Eurozone growth is likely to suffer if Brexit negotiations become protracted, according to the president of the European Central Bank, The Telegraph reports.
Mario Draghi described the UK as an important trading partner for the single currency area as he said Britain’s “destiny” would also impact the 19-nation bloc.
Mr Draghi said the eurozone economy had so far remained “resilient” in the wake of the Brexit vote, adding that action by the Bank of England and ECB had helped to avoid a “traumatic” reaction in financial markets.
An initial drop in share prices was followed by a “quick reversal”, while the real economy had also remained robust, he said.
However, he said the medium and longer term consequences of the UK’s decision to leave the EU were “much more difficult to foresee” and would “depend on the polices undertaken in the UK and the euro area”.
Mr Draghi said: “It’s pretty clear that the longer the uncertainty about the final outcome lasts, the more relevant the consequences will be. “[The UK is] an important destination for our exports, so the destiny of the UK does have an influence on the euro area.”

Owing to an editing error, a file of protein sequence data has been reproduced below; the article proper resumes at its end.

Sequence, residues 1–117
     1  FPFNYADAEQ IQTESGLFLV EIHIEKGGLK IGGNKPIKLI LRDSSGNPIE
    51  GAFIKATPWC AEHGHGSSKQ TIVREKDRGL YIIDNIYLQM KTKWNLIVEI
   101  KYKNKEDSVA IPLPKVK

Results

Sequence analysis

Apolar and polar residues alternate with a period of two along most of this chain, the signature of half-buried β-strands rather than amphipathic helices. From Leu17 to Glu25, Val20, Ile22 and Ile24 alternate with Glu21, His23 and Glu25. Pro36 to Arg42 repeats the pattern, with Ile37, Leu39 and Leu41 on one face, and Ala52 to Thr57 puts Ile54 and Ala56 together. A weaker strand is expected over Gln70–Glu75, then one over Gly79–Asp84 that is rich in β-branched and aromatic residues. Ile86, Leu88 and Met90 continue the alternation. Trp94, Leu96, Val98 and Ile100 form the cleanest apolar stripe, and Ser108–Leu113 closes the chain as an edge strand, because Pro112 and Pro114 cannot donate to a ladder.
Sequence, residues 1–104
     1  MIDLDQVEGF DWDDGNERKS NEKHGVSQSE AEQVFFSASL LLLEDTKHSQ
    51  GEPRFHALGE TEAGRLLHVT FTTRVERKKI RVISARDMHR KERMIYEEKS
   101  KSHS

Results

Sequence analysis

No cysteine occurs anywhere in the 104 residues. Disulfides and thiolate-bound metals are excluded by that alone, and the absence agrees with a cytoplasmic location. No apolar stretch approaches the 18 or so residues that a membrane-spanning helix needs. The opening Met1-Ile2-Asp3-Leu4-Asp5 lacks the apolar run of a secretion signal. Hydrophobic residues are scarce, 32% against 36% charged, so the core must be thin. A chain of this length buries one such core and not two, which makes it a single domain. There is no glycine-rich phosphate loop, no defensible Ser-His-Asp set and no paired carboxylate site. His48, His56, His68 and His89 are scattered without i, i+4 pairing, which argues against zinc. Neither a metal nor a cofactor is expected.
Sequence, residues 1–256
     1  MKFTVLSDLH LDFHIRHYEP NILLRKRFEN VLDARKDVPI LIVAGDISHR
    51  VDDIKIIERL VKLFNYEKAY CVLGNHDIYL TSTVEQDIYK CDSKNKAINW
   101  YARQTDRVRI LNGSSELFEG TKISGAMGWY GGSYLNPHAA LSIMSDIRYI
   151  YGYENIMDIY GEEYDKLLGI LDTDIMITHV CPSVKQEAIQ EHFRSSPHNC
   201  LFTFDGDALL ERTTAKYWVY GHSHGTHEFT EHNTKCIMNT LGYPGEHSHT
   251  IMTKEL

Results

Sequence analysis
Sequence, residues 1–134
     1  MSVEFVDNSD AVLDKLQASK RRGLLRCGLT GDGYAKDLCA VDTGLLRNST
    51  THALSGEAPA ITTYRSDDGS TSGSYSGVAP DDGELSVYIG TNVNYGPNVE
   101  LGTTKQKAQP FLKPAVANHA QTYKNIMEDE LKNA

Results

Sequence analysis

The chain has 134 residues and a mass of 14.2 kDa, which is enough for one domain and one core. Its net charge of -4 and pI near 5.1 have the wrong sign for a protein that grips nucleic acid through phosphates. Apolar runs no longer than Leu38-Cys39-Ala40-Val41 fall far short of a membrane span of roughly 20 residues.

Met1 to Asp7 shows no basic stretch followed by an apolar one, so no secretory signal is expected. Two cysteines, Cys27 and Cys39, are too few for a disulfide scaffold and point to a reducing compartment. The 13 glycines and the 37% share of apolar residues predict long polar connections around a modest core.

Mr Draghi also warned that negotiations between the UK and EU had to preserve the “integrity of the single market”.
Suggesting that policymakers could not bend the rules to accommodate the UK, Mr Draghi signalled that giving the UK special treatment could destabilise the bloc.
“It is of utmost importance that the integrity of the single market is respected. Any outcome should ensure that all participants are subject to the same rules,” he told MPs. “The four freedoms go all together, freedom of people, goods, capital, services. That’s pretty clear.
“It’s very hard to imagine that any agreement that would be perceived as discriminatory against some subjects in favour of others would be a source of stability for our European Union.”